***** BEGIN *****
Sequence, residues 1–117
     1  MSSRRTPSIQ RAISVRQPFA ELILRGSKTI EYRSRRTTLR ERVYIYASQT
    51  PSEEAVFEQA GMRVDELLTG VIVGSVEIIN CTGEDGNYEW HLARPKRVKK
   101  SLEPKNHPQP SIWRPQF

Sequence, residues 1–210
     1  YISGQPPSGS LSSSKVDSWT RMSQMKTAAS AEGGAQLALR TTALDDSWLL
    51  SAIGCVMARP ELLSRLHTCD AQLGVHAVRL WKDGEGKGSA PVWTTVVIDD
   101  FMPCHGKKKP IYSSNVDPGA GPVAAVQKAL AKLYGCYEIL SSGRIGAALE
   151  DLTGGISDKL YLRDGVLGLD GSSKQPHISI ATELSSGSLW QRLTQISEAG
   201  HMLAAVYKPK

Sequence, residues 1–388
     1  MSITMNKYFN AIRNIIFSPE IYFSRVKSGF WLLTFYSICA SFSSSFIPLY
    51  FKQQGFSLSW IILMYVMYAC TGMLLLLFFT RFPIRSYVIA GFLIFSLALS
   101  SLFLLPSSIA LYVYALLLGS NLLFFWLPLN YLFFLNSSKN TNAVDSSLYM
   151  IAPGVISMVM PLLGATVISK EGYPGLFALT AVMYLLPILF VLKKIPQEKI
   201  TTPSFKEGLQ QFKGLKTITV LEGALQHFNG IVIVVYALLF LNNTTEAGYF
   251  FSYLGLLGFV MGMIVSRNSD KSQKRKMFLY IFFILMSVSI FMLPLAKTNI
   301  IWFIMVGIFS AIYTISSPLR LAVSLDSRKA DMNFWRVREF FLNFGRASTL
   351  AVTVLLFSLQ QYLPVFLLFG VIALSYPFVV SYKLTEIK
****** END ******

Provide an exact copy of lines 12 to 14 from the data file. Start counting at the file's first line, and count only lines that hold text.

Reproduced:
     1  MSITMNKYFN AIRNIIFSPE IYFSRVKSGF WLLTFYSICA SFSSSFIPLY
    51  FKQQGFSLSW IILMYVMYAC TGMLLLLFFT RFPIRSYVIA GFLIFSLALS
   101  SLFLLPSSIA LYVYALLLGS NLLFFWLPLN YLFFLNSSKN TNAVDSSLYM